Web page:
For Apiam, being an employer of choice is crucial to its competitive advantage
Health & Biotech
Health & Biotech
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Special Report: Two of the company’s leading veterinarians discuss how Apiam takes a best-practice approach to animal health in the dairy sector.
For veterinary company Apiam (ASX:AHX), 2020 has marked a turning point for profit growth after a multi-year period of capital investment.
Investors have taken notice, with AHX shares trading at multi-year highs near 70c.
But a well-worn phrase in investment circles is that companies are only as good as the people they employ.
In that context, Stockhead spoke this week with two senior Apiam veterinarians – Dr Lucy Collins and Dr Gemma Chuck – to learn more about how the company is building a sustainable competitive advantage in animal health and farm management.
For Chuck, a key focus over the last 15-18 months has been the rollout of Apiam’s ProDairy platform – a preventative herd health initiative for Australian dairy herds.
The impetus to develop the platform was based on Apiam’s “experiences at a herd level over time”
Like any major operational change, the ProDairy solution has come with its own set of challenges. But Chuck said the end result has justified that hard work.
“We’ve seen with the introduction of our preventative health programs and proactive monitoring , morbidity and mortality rates on our farms have been reduced to well below the industry standards,” she said.
“So I feel privileged to be part of this whole process. Not just operationally but from a strategic point of view as well — working to help farmers achieve what they need to achieve to succeed.”
It’s a similar story for Collins, an Apiam veterinarian who also works alongside her partner on his family dairy farm in south west Victoria.
Collins was recently awarded a Nuffield Scholarship to study improved animal welfare practices for dairy cows.
Specifically, how to establish standardised measures that fit Australian systems, rather than protocols devised overseas.
In terms of animal welfare on Australian dairy farms, “I just felt there was a lot more we could be doing”, Collins said.
“Some of our farming clients are required by their processors to undertake an annual animal welfare audit, but they’re using overseas standards and assessment programs.”
“Talking to producers and being involved in some of these risk assessments highlighted that aspects of these programs are not always that relevant for Australian farms.”
“Our domestic dairy industry is quite diverse and it’s not necessarily a case of ‘one size fits all’. I think there is plenty of scope to refine and improve these processes.”
Along with improved auditing processes, Collins said there’s huge opportunity to add value by creating animal welfare benchmarks for the Australian dairy industry.
“Benchmarking is a powerful tool for farmers that can stimulate positive change without the need for additional regulation.” she said.
“I want to explore how farmers can take ownership of welfare among their peers, which is something that would align well with our ProDairy clients.”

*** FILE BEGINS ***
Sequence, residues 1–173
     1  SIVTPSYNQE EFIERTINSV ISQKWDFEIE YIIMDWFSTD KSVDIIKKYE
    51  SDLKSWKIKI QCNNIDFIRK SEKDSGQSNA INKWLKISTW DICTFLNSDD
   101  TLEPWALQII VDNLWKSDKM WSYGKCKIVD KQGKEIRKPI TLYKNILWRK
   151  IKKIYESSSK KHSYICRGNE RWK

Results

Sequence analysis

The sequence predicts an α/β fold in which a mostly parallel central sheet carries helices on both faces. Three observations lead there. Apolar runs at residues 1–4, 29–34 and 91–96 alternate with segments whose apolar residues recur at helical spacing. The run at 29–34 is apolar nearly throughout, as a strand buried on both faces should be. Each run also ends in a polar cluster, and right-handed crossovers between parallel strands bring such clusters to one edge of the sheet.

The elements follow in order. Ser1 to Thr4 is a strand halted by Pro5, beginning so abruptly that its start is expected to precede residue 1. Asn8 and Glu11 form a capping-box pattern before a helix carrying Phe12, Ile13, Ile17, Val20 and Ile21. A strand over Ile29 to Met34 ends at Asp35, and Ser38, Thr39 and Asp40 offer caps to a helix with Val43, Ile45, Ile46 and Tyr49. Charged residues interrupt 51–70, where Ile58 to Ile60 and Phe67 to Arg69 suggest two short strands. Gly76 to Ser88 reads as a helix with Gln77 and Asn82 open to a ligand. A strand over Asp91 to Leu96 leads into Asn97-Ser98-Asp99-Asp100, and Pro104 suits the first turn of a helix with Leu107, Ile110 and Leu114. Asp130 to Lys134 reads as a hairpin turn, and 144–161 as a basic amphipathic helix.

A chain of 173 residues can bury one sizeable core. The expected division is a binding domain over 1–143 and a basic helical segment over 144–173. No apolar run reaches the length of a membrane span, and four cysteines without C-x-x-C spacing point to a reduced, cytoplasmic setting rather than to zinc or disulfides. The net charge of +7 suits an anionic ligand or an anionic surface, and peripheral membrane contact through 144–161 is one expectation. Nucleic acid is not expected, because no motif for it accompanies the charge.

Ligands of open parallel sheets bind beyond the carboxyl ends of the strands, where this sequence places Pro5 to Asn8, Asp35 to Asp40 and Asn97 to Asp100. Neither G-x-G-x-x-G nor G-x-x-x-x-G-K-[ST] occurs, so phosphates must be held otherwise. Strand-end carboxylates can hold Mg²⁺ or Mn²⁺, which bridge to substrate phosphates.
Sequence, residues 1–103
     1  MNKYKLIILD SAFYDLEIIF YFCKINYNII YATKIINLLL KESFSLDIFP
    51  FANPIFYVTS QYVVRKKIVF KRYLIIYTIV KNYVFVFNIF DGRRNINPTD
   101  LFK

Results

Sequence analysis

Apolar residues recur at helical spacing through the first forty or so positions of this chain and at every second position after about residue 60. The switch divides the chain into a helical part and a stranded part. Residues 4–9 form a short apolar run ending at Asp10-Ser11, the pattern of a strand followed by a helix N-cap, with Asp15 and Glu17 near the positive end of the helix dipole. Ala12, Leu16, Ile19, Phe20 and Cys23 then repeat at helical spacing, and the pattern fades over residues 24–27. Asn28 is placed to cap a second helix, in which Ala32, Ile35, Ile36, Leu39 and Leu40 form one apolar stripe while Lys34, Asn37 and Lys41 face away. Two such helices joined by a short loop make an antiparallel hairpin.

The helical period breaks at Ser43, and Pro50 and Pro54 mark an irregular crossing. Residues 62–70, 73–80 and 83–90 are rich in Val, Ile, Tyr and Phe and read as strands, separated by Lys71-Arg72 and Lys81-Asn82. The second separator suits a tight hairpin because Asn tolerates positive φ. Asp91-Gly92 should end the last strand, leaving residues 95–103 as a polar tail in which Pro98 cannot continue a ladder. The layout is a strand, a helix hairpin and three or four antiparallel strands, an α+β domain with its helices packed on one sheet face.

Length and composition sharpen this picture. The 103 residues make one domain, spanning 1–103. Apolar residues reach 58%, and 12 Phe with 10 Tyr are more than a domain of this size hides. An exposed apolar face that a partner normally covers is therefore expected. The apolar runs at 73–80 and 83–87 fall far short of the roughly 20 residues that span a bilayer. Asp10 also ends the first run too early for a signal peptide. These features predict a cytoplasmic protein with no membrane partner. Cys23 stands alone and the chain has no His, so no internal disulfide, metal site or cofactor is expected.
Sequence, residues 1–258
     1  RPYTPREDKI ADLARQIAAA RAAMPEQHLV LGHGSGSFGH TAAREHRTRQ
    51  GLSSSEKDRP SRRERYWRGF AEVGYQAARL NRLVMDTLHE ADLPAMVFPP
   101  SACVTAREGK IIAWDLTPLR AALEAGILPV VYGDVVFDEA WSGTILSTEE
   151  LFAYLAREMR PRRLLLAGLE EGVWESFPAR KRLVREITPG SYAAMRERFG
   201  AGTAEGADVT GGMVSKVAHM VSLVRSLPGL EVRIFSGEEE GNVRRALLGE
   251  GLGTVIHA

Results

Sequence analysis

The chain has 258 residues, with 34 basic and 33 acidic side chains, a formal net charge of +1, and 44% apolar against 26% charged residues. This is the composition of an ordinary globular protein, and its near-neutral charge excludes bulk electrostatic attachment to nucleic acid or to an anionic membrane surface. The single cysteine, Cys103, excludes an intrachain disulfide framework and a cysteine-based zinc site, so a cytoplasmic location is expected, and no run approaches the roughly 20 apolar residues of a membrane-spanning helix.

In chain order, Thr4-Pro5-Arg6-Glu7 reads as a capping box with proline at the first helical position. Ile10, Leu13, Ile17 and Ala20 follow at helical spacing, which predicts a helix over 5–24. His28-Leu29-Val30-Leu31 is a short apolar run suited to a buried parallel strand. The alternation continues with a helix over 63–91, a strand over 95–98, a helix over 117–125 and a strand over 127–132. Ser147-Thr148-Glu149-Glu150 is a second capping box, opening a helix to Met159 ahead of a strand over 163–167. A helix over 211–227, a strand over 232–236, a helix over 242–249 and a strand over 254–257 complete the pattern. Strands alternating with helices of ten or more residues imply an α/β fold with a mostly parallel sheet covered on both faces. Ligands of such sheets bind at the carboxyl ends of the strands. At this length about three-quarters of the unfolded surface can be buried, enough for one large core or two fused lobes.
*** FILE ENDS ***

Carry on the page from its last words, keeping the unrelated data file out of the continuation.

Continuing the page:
Along with their respective specialties, Collins and Chuck said that working for Apiam has provided them both with the ideal environment to deploy their skills and find solutions.
This is particularly the case given that leadership roles in the cattle veterinary sector are more broadly skewed towards older male veterinarians.
“I think the industry is moving in the right direction, but there’s still a little way to go,” Chuck said.
“I’d love to see more women in leadership positions, so we encourage younger females to throw their hat into the ring.”
Chuck added that as an industry employer, Apiam has also stood out from the pack by providing the opportunity for talented female workers to balance their work/life needs.
“I’m a mother of two young children, and I don’t think I could’ve asked for a more supportive employer,” Chuck said.
In fact, Chuck was 20 weeks pregnant with a newly minted PhD when Apiam hired her. And shortly after that she went on maternity leave.
“In the 21st century, it shouldn’t matter. But it kind of does and it certainly did to me. Before accepting my new role, I shared my news with my prospective manager and was pleasantly surprised by his reaction. Apiam were really able to see the bigger picture and stay flexible and accommodating around my new family commitments.”.
And Collins highlighted the net effect of Apiam’s ability to recognise female talent: a win-win for both sides.
“The beauty of Gemma’s transition within Apiam is the company has been able to use her phenomenal skill set in a way that’s more advantageous across the business,” Collins said.
“When I joined Apiam my job description was quite different to what it is now,” Chuck explained.
“It’s kind of been a natural evolution to be involved in the development of ProDairy. And the opportunity here is what you make it because there’s always so much to do.”
“This company allows you to make your own opportunities. If you’ve got areas you’re interested in there’s a lot of support, and they’ll invest in your growth if you can put a good case to it.”
This article was developed in collaboration with Apiam, a Stockhead advertiser at the time of publishing.
This article does not constitute financial product advice. You should consider obtaining independent advice before making any financial decisions.